Tip: when the design is unstable, try to use visual testing and automation testing with no coding. They help testers don’t target specific parts of the page or components, but to see the big picture, and then easily replace the base snapshots when the designs will be stabilized. It’s also good to use Google Lighthouse for identifying images that hadn’t been optimized – it’s better to fix them right away than at the last minute before release. Plus, you can always use our Detailed Strategy to Speed Up QA, in which we give a number of advice on how to improve performance with automation testing.

9. Deal With Projects Being Scrapped

Even if your team delivers the highest quality product, and works overnights, there can be a situation when a customer (including internal) simply closes the project because they’ve run out of budget, etc. And this can be quite demolishing, upsetting, and even like a real shock to the team which has been working really hard towards a common goal.

Go through hard times together with your team

So how to react in such a situation? Try to realize yourself and make your team understand that some situations and events are out of your and their control, and it’s okay. You can’t really influence the decisions your customer takes, so take them easily and try to cheer up your team.

Better remind your people that the knowledge they gained wasn’t in vain, but it will definitely help them in future projects.

Preparing Yourself to Be a Successful Software Testers’ Team Leader

So far, we’ve been describing what you as a manager or CEO should do to build a good testing team, how it’s better to lead your people, and how to grow with them. But as we all know, bad leaders can’t create a successful and inspired team, as the best example is always the one shown by yourself.

So, what about some leadership qualities? DogQ team recommends paying attention to the following top 14 personal characteristics that will be very handy for you as a QA team leader:

  • Believe in your team and make people themselves believe that they’re the best QA team on Earth: if you as a leader will think of your people as losers, then so it be.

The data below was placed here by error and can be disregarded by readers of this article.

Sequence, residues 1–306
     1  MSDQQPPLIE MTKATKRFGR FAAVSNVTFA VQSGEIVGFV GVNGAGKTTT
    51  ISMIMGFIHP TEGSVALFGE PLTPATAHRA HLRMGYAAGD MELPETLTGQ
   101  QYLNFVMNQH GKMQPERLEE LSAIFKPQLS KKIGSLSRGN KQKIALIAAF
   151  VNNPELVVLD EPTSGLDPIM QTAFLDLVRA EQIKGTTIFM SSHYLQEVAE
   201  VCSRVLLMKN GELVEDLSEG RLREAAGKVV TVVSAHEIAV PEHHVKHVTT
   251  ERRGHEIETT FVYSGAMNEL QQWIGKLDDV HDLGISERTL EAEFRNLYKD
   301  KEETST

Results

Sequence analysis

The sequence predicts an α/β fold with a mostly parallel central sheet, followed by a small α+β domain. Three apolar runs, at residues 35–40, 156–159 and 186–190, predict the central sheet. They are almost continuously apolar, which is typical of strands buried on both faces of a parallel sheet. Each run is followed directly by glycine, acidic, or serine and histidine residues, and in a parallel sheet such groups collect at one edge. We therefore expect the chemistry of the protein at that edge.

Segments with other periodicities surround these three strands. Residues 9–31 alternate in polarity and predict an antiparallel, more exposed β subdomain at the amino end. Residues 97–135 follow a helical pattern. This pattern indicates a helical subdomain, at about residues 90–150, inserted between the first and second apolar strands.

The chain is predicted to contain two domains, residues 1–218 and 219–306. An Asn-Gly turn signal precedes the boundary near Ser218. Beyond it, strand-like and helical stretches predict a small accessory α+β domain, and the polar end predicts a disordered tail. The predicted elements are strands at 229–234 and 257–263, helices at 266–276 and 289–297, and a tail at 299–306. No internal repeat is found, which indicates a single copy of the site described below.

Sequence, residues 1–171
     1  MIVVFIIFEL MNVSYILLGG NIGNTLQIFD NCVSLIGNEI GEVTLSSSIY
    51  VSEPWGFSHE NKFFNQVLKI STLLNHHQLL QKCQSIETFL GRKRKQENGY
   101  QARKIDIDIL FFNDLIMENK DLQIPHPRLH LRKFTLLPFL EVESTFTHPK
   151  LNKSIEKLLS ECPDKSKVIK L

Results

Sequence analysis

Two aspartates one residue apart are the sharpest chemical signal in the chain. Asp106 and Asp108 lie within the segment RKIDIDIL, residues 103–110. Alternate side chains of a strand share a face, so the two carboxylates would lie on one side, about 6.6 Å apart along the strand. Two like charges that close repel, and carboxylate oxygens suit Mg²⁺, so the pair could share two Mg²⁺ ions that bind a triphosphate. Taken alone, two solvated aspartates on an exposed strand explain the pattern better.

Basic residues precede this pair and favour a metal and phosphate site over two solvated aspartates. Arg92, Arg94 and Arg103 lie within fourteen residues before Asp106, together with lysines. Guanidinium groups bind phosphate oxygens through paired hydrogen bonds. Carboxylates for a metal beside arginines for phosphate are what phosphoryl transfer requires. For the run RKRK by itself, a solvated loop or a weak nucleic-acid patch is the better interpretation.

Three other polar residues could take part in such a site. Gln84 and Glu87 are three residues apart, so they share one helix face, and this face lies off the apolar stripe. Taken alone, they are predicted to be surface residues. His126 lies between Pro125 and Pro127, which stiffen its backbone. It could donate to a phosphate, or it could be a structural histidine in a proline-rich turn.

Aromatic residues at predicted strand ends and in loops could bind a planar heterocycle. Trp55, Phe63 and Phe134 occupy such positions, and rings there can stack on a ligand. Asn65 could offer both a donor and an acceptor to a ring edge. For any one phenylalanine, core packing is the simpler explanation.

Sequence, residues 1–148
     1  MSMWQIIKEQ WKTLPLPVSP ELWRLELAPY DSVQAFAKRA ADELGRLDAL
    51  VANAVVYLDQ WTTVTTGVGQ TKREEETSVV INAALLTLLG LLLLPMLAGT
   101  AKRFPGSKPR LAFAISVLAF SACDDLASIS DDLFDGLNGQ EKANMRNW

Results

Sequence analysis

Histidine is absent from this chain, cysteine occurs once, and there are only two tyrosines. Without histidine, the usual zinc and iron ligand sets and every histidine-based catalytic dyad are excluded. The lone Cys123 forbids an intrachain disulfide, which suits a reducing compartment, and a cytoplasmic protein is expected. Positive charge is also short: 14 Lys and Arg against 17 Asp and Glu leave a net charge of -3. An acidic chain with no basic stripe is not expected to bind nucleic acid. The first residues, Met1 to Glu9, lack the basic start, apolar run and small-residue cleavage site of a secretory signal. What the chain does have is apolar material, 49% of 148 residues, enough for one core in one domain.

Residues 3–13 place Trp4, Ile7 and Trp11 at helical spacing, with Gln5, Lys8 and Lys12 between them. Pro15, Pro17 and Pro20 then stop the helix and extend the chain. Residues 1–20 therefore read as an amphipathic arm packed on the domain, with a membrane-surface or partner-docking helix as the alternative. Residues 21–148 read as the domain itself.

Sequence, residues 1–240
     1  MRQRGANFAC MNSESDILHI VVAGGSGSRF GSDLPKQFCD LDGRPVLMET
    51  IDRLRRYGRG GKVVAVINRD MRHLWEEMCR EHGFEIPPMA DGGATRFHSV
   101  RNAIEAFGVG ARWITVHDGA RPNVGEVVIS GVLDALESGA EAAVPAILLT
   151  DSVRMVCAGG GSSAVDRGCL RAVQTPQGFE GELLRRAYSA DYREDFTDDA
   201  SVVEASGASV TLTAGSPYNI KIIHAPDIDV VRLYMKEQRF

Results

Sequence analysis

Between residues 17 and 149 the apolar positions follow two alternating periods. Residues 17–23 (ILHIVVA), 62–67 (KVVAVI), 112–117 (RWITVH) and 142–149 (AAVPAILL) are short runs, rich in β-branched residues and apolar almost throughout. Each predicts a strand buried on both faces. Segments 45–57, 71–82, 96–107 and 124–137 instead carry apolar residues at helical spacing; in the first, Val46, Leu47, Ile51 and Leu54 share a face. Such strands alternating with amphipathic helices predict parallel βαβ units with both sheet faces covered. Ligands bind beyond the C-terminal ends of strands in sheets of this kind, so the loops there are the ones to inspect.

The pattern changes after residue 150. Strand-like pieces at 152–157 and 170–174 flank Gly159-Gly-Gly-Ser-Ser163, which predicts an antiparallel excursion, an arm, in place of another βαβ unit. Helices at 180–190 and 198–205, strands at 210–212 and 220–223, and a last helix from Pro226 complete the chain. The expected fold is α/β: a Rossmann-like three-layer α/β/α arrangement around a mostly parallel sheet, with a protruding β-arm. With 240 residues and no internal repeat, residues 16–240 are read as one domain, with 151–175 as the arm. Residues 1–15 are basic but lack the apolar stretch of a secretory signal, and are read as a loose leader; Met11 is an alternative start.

• Set high standards for yourself and your team: don’t settle for mediocrity, when you and your people deserve to achieve more and have a perfect working environment.
  • Spread energy, enthusiasm, and positivity: if you’ll always upset and out of energy, your people will think that you don’t really care for the working process and its results.
  • Show your team value: testing teams may not realize why their roles are important for the business, so show them how their work results affect the whole company’s growth.
  • Share your vision of where you should go and say it clearly: a good leader clearly communicates the vision/mission of the organization and helps team members to focus on the vision.
  • Bridge skill gaps in your team: help them to find time and resources to attend the required training, courses, and certifications to grow as professionals.
  • Guide them through your work and life examples: people will work far better and trust you more when they realize that you had all these problems they’re going through now.
  • Be sincere but caring when discussing failures or successes: showing your real emotions makes people trust you, feel comfortable and be honest in their turn, so be yourself and let others be themselves. But remember to express your emotions in an ecological and non-toxic way, and try your best to settle this attitude among the teammates.
  • Be a persuasive but wise communicator: believe in what you say, encourage others to believe in you, but always be ready to hear an opposite opinion and work with it.
  • Do not avoid conflicts: listen carefully to what people say, define what’s important for them and what they’re trying to achieve to resolve the conflict at its route.
  • Ask your people’s advice when making important decisions: good leaders rely not only on their feelings or instincts but ask opinions of others to look at the question from another angle.
  • Continuously recognize outstanding work: to uplift your testing team spirit, praise their achievements, and do it personally, saying the names out loud.
  • Provide regular and tangible feedback: be clear and direct when giving feedback, so that people know exactly what you value in their work and what should be improved.
  • Encourage testers to speak up and express themselves without fear: when they will share their opinions, thoughts, and beliefs without hesitation, they will feel valued and you will always have numerous creative ideas on how to grow your business.
Be a good leader yourself

Final Boss: Creating and Maintaining Motivation

So, here we are coming to the main and the most thrilling part of our guide motivation, or how to increase project team performance. And despite all hustle and bustle that’s connected with the term, we’ll try to show you that motivation isn’t an enigma, but a real goal you can easily reach by following our team recommendations. Are you ready? Here we go:

10. Share Your Vision and Set Clear Goals